Filipinx Count! The Filipinx/Filipinx-American Health and Well-Being Survey is conducted by Fil-Am researchers of the Carlos Bulosan Center for Filipino Studies at the University of California in Davis.
The survey, which was participated in by about 800 Filipinos in California in a span of 10 weeks, found that:
RJ Taggueg, UC Davis doctoral student and survey lead researcher and Dr. Robyn Rodriguez, chair of the UC Davis Asian American studies department and director of the Carlos Bulosan Center for Filipino Studies, further talked about their findings.
The whole point of this is that California Filipinos are at risk. Why is that so? Are they just not getting the information?
“There’s certainly an element to that. Because what the survey is showing us is the factor of the matter is Filipinos are out there. They’re out there on the frontlines. They’re out there working as healthcare workers or at the very least have someone in their household, somebody they live with who is a health care worker, as well. At the very least, that implies there’s a lack of information out there,” says Taggueg.
Is that on the part of the community or maybe the CDC or the greater sense of things why do you think it’s not accessible to Filipinos?
“I don’t put the onance of the community itself. This is regarded to those institutions. If you are hiring someone to do this kind of work, to be a healthcare worker on the frontline. You have the responsibility to make sure they’re also protected.”
Speaking of which, Dr. Rodriguez, these Filipinos, our community members, a lot of them who are working in the medical field who may know or may not know the risk they continue to work. Why is that so?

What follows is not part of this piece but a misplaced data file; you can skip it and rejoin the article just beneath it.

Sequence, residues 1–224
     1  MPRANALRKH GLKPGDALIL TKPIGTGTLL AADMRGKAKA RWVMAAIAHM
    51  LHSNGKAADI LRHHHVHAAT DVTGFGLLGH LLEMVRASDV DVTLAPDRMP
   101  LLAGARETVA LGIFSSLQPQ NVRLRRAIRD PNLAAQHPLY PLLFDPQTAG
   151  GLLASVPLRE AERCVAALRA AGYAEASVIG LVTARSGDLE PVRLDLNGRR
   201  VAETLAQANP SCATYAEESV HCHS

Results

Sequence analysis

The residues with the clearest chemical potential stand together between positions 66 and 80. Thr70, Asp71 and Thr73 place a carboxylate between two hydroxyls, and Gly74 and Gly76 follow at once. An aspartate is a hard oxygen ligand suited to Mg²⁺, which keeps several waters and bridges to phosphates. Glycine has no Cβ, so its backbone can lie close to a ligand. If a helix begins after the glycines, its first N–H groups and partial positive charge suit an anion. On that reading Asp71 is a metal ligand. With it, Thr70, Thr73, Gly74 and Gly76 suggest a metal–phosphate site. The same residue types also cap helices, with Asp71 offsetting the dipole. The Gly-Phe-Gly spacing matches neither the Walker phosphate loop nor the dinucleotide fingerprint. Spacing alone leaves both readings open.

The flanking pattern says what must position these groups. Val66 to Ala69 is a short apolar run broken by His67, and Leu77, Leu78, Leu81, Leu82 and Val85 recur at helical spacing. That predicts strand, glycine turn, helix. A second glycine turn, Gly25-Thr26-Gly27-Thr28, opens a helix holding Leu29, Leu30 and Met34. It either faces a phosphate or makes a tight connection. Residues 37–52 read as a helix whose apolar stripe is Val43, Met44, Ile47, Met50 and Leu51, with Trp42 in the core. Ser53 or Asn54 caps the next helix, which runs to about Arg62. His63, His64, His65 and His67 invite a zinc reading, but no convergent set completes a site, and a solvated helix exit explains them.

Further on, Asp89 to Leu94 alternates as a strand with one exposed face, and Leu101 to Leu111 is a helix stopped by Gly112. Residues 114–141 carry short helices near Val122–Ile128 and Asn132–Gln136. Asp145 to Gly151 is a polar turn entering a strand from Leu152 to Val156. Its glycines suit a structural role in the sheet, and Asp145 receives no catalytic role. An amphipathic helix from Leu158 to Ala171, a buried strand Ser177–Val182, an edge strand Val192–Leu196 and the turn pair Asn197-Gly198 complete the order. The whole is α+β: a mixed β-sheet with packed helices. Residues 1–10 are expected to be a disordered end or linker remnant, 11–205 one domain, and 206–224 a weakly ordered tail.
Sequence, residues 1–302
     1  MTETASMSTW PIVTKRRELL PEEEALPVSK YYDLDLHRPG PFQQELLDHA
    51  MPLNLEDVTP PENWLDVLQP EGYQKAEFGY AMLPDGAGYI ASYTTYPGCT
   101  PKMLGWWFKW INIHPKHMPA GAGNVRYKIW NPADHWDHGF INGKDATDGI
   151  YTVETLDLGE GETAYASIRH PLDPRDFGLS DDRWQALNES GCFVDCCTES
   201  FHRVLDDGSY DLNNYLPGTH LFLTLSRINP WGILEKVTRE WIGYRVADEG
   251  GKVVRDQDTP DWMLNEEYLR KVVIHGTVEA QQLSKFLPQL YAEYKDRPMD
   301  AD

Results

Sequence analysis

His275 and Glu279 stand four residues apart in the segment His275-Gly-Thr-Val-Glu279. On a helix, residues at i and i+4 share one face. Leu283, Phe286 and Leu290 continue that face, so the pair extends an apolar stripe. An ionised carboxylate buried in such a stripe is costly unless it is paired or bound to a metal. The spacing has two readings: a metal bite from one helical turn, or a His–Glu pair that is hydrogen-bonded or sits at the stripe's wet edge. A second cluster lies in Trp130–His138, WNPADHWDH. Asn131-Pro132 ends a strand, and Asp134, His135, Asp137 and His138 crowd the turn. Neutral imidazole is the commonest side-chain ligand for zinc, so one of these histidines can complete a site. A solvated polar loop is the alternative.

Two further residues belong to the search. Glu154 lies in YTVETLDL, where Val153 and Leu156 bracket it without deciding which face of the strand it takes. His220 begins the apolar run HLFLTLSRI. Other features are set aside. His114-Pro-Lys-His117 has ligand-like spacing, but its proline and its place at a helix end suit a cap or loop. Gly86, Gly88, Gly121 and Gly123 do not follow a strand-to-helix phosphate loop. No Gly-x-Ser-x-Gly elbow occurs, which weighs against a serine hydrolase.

“The truth is Filipinos are coming here as guest workers, as temporary migrants. And part of the experience here is because you have recruitment agencies that are often charging exorbitant fees to help facilitate their migration here,” says Rodriguez. “These OFWs who work in the US come with tens of thousands of dollars in debt and yet they are only here to work for a short period of time.”
I wanted to talk a little more about the survey itself. The survey didn’t exactly start out with being a coronavirus survey.
“So when first designed the survey it originally had seven modules. And yes, it covered a lot of different topics including migration, politics, family, interpersonal relationships, education, health and healthcare, labor. Very, very broad. It ended up being over 150 questions. And we had launched that version of the survey in February and a month later is when the shutdowns happened. But we knew though one of things we really strive for is that work that we do is based in community. We work with over 100 partners across the state over at the Bulosan Center.”
The Bulosan center is still taking in participants for the survey.
Follow this link to the survey, which can be also found online on Balitang America.
A Tagalog version of the survey will be offered soon.